We have seen increases in Swastika graffiti, online harassment, and issues at schools with students excluding others based on their faith or national origin.
The Southern Poverty Law Center recently sued a white supremacist in Montana for encouraging an online campaign of harassment against Jewish residents of Whitefish. This is a landmark case, marking one of the first times someone has faced legal action because of online hate-filled harassment, and it opens the door for further litigation against online attacks.
Anti-Semitism is a very old story, but one that keeps repeating itself. Fortunately, we have several weapons with which to fight it.
One, of course, is awareness. We must always be vigilant and make sure that once we see something, we report it. These incidents must be investigated, and the perpetrators punished.
Another weapon is unity. One of Louisville’s many wonderful attributes is its compassionate people. They will always come together to confront hate.
Two years ago, our Jewish community (and many others) responded overwhelmingly when a local mosque was defaced. A month ago, the city again showed its positive colors when The J received a harassing phone call and bomb threat. A positive response can turn something ugly into something beautiful.
Finally, of course, we must educate, particularly when an incident happens in the schools. These are teachable moments, and we must encourage that. In April, we commemorate the Holocaust, vowing on behalf of the victims that it will never happen again. Part of that is through study, hearing witness testimony, going to a Holocaust memorial or museum (or some landmark to another crime against humanity), and meeting with people from different ethnic groups.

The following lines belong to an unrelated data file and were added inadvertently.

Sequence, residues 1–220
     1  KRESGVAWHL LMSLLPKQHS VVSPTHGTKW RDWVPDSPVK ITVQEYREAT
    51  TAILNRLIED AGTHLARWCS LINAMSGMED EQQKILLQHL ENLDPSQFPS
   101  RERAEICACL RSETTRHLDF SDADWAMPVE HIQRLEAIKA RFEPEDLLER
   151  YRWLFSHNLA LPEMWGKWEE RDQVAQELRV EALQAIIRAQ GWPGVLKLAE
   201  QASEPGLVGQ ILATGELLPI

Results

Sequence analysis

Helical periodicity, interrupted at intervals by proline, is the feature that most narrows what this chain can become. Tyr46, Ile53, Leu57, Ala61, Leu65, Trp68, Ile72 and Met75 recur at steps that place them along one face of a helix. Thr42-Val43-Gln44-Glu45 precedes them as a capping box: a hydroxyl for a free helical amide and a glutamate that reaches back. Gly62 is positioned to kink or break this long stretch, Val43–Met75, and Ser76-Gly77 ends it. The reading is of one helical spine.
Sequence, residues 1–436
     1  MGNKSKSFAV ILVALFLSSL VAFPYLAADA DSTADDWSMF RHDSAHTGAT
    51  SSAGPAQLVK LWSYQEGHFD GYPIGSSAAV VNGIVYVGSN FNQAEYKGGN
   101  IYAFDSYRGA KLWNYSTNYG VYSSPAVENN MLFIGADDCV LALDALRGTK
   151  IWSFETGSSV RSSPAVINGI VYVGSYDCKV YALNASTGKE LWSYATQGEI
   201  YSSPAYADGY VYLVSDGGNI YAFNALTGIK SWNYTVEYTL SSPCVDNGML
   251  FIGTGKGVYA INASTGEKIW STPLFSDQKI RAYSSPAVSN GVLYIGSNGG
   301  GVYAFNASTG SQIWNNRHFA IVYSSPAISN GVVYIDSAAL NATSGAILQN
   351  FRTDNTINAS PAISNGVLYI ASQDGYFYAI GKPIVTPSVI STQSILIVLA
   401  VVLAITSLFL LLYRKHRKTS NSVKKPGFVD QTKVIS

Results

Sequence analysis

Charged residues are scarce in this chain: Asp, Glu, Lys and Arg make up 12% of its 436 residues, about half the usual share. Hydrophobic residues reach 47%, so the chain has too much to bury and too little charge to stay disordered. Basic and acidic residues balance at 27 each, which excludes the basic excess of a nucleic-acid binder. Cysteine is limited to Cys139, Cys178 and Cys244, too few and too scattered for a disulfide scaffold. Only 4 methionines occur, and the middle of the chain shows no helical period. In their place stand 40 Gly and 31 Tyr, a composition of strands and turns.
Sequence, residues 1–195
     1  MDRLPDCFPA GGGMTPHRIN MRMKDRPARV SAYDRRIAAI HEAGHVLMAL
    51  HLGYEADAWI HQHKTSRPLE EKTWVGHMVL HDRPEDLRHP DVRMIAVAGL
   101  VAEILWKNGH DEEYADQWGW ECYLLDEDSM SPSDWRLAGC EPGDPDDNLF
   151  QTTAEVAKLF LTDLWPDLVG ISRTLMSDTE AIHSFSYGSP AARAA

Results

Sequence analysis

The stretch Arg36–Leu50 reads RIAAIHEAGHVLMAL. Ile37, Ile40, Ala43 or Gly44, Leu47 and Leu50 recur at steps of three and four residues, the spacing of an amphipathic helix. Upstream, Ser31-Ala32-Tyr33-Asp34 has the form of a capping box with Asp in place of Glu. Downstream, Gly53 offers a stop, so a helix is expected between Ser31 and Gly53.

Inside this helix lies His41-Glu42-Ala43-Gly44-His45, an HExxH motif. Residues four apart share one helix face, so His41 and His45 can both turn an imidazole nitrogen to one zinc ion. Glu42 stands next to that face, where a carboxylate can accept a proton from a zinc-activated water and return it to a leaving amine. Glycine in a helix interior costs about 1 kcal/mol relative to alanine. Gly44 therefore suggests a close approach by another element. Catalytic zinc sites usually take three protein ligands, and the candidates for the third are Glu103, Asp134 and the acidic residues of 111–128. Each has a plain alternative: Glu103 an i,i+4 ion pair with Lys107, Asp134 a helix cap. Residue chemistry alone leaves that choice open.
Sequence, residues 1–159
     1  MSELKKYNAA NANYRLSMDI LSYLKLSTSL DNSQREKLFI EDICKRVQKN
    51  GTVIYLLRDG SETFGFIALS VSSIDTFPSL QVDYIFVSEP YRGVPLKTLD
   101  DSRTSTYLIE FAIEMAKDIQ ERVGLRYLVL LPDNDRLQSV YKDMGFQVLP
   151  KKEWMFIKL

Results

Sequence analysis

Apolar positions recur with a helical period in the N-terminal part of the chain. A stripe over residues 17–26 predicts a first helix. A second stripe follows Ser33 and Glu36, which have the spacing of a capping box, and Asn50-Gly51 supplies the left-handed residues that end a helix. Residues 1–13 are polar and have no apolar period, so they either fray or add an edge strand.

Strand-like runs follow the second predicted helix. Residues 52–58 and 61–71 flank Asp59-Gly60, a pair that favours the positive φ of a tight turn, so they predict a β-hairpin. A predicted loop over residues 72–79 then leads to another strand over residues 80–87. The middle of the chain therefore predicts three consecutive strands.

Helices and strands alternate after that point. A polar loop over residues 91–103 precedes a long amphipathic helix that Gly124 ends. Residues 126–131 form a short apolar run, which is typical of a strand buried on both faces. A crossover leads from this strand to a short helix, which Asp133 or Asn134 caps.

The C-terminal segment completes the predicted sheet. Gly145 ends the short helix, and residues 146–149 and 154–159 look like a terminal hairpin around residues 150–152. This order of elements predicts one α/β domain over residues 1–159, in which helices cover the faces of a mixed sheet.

Our Jewish Community Relations Council deals with issues and incidents like this often, please alert me when something occurs.
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This year commemorates the 50th anniversary of the Six-Day War, a historic and formative event in the history of the State of Israel.
Out of this miraculously brief war, Israel increased the territory under its control three fold. Saved from a legitimate existential threat, the Jewish state suddenly found itself in direct control of Palestinian lives, an issue that obviously impacts the country today.
Also, for the first time in 19 years, Jews had access to its holy sites in Jerusalem and for the first time in 1,900 years, Jews had sovereignty over the Temple mount.
A lot of good came out of those six days and a lot of difficulty as well. Over the next several weeks we will commemorate the Six-Day War with community briefings, op-eds, and a historical timeline of events. I look forward to sharing these programs with our community.
(Matt Goldberg is director of the Jewish Community Relations Council